The WWE spotlight can heal a broken Ronda Rousey.
The former UFC women's bantamweight champion suddenly doesn't look like she belongs in the Octagon anymore. The fighter Sports Illustrated's Jon Wertheim once called "the world's most dominant athlete" ended her last battle teetering toward the cage, her face reddened, her legs lifeless.
Against Amanda Nunes at UFC 207, Rousey looked lost, a rudderless ship adrift on a stormy sea.
Nunes charged at her, tagging her with hammering punches. Rousey couldn't respond. She retreated; she winced; she fell apart.
This was not the warrior we had seen steamroll her competition, wrenching her foes' arms en route to megastardom in the UFC. That Rousey is gone.
A comeback from her second consecutive overwhelming defeat looks unlikely.
But another world awaits her, one where she can rebuild herself, remain a pop culture sensation and write new chapters to her legacy: WWE.
Rousey's charisma and "it" factor would assure her success in that realm. Her name power makes her a valuable asset, losing streak and all. The squared circle offers her a place to thrive again, to be reborn.
The wrestling world is one she's long admired.
Rousey has often made it known that her Rowdy nickname was taken from WWE Hall of Famer Roddy Piper. She tried out some wrestling moves with fellow MMA fighter Shayna Baszler. She's expressed a desire to win WWE gold, too.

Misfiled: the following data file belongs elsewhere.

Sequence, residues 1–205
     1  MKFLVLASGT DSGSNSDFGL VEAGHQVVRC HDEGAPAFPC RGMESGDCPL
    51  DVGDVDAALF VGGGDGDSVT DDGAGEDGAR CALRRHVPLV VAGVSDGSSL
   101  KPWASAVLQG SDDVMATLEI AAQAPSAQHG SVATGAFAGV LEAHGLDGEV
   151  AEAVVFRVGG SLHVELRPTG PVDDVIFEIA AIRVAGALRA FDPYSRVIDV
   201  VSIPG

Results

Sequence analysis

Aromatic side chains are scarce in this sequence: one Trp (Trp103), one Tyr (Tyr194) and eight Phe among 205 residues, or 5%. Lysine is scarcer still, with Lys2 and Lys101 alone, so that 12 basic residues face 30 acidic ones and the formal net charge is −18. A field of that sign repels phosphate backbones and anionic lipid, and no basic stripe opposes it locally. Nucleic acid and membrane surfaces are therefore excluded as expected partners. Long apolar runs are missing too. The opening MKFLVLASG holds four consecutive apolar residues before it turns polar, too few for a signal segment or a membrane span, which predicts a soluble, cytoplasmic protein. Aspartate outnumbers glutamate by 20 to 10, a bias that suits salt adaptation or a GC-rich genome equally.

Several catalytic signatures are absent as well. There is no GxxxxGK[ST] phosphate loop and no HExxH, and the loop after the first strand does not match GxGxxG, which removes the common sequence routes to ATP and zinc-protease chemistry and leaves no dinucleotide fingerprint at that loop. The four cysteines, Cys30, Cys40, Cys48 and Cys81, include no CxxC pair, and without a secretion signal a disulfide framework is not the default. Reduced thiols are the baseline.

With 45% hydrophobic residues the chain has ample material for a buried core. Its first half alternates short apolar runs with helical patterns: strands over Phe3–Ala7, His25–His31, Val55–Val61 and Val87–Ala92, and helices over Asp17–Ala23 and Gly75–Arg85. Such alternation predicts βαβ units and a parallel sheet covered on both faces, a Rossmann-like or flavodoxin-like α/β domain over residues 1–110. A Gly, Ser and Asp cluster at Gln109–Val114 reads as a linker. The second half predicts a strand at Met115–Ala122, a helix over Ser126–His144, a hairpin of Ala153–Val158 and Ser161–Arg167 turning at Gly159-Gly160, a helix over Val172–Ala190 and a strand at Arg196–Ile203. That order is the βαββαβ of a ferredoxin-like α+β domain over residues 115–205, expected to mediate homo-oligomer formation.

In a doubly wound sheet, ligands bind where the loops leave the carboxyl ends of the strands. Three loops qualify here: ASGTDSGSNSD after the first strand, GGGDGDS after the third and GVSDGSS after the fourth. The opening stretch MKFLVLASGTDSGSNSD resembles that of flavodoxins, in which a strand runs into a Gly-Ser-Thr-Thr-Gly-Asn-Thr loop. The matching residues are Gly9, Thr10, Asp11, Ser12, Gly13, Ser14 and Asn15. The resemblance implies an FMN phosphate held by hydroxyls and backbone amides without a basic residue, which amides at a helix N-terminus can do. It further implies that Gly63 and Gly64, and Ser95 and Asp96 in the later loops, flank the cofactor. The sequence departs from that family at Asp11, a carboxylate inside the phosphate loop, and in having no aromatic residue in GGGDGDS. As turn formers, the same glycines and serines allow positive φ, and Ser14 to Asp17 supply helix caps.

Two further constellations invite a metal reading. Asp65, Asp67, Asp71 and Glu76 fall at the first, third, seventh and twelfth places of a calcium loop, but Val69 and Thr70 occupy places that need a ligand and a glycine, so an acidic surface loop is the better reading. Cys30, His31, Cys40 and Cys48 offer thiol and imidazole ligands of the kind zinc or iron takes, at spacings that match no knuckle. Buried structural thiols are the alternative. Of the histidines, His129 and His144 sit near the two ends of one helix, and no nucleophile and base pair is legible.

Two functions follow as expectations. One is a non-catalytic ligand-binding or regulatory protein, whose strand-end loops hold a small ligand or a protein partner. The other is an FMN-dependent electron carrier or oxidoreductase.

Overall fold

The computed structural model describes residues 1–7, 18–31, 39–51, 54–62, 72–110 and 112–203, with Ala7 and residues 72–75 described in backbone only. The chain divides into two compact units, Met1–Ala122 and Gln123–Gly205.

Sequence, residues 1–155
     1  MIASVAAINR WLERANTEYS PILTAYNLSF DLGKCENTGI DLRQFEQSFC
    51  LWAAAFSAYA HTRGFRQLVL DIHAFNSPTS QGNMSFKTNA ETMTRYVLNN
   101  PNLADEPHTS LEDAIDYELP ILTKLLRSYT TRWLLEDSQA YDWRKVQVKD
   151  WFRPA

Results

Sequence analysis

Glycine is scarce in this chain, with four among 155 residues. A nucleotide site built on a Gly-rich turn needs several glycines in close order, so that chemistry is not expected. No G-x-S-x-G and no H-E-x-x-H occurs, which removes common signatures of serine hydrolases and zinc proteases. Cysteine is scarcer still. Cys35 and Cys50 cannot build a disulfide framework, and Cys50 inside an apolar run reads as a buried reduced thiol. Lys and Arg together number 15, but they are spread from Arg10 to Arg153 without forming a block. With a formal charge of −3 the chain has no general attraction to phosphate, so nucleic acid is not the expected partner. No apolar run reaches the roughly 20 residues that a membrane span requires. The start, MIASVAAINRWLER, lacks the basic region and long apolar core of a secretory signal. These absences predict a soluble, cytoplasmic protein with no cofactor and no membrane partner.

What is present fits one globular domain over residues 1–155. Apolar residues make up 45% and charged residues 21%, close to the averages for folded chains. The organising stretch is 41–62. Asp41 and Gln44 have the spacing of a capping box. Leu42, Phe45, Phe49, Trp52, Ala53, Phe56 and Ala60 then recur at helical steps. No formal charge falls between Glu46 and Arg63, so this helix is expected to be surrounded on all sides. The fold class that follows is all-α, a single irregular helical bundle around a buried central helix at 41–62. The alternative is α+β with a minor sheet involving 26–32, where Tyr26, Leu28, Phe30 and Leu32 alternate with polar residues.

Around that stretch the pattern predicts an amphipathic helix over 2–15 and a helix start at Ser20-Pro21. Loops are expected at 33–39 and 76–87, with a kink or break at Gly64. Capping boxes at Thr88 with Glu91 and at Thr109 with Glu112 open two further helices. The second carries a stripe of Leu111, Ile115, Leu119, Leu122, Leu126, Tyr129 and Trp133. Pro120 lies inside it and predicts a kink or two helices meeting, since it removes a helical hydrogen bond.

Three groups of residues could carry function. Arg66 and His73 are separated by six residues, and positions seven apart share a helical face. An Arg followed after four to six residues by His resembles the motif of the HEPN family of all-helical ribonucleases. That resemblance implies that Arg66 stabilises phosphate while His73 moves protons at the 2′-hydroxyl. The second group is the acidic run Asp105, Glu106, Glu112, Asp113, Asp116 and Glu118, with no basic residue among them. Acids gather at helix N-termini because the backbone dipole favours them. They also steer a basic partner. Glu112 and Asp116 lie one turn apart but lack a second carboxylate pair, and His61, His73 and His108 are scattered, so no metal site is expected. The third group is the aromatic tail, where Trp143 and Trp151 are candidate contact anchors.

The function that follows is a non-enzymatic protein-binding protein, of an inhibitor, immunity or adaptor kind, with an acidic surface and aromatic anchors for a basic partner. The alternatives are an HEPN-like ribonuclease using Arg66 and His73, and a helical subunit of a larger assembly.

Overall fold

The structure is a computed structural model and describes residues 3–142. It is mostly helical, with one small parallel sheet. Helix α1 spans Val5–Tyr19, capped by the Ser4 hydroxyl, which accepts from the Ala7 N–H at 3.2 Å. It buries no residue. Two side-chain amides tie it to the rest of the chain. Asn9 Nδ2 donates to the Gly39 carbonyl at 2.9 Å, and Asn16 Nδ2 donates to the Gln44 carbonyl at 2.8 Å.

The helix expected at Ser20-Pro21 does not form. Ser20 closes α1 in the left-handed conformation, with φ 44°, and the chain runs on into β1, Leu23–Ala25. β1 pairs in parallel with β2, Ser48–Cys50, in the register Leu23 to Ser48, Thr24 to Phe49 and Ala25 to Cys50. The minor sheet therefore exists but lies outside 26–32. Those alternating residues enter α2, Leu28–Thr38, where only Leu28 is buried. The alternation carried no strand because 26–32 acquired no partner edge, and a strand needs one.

In 2015, Rousey told reporters during media day, "I'd love to have the chance to be the Divas world champion and just be the best of everything at one point."
And WWE has been happy to open its doors for her.
At WrestleMania 31, the longtime fan became a part of the show. The Rock called Rousey in the ring to help him deal with the nefarious Triple H and Stephanie McMahon. Rousey flipped The Game over before snaking her arm around McMahon's.
This could be a recurring scene now.
She could be a major part of the WWE's trailblazing women's division as a part-time star. Rather than continue to tailspin as an MMA fighter, she can emulate the proverbial phoenix in a fresh setting.
A WrestleMania battle with Charlotte Flair, a SummerSlam tango with Becky Lynch or another collision with McMahon are all on the table. Rousey could find herself on magazine covers and pay-per-view posters.
And a WWE run would highlight her showmanship skills while allowing her to flourish in a more controlled environment.
Some will argue, though, that her recent losses will scare off WWE. She's not the phenomenon she was during her untouchable stretch, but she's still a star.
Casual WWE fans know who she is. Holly Holm and Nunes proved to be superior fighters but won't ever generate the kind of buzz Rousey has.
As Sean Ross Sapp of Fightful pointed out, her value has changed, but she's still plenty valuable to WWE:
History is rewritten in pro wrestling, anyway.
Brock Lesnar returned to WWE in 2012 fresh off two UFC losses where his foes battered him into the mat. It didn't matter. The company sold him as a conquering beast who successfully navigated the MMA landscape.
WWE can show footage of her judo career, including two trips to the Olympics. It can focus on her 12 MMA wins, not her two losses. It can paint her as the force of nature she once was.
That's the beauty of pro wrestling. Narratives can be shaped to suit the situation.
Her UFC story is one of heartache and bloody noses. A new tale could be hers for the taking with WWE, one where she is a marquee act again, a gladiator with a movie-star smile.